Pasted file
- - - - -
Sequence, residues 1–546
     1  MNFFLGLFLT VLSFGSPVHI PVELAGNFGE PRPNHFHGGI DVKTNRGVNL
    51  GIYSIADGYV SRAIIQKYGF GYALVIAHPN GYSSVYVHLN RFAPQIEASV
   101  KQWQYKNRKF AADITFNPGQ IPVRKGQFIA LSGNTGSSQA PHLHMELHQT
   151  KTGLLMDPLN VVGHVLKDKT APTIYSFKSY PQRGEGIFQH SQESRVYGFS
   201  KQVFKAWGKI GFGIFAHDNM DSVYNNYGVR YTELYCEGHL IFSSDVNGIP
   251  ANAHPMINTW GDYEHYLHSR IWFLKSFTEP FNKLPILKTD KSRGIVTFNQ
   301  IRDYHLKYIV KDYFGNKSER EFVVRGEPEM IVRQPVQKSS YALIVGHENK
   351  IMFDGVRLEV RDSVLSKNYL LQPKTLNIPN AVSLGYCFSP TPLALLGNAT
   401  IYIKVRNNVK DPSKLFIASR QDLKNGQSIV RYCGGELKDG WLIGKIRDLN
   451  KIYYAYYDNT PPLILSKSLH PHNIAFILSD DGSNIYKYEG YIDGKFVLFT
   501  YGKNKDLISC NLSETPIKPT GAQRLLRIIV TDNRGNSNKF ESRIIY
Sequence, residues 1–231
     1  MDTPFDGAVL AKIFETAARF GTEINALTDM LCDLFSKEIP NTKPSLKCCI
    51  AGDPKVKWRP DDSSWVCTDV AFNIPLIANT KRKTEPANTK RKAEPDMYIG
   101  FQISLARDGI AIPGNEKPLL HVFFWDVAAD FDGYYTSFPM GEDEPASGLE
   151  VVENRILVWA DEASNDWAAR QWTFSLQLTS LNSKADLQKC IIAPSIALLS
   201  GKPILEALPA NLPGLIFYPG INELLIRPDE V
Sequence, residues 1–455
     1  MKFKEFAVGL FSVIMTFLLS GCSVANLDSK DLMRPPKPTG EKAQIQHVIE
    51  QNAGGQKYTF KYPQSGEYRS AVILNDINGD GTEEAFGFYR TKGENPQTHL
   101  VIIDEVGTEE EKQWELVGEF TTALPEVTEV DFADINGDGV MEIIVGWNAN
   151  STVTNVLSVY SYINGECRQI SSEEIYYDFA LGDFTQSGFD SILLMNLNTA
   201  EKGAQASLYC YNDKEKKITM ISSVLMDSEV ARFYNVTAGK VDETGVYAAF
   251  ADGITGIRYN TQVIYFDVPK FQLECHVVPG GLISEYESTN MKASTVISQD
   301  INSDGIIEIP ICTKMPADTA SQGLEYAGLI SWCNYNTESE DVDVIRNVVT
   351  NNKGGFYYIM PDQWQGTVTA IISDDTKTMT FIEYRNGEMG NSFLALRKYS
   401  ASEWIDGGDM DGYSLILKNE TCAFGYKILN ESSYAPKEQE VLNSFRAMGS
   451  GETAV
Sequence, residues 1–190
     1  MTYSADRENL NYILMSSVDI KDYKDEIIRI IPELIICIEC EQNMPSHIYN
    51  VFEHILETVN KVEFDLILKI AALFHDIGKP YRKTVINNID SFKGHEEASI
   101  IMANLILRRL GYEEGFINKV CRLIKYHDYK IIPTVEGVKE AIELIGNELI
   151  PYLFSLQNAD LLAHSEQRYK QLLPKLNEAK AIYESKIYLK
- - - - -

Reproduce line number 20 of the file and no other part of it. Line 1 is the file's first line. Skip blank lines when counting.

     1  MKFKEFAVGL FSVIMTFLLS GCSVANLDSK DLMRPPKPTG EKAQIQHVIE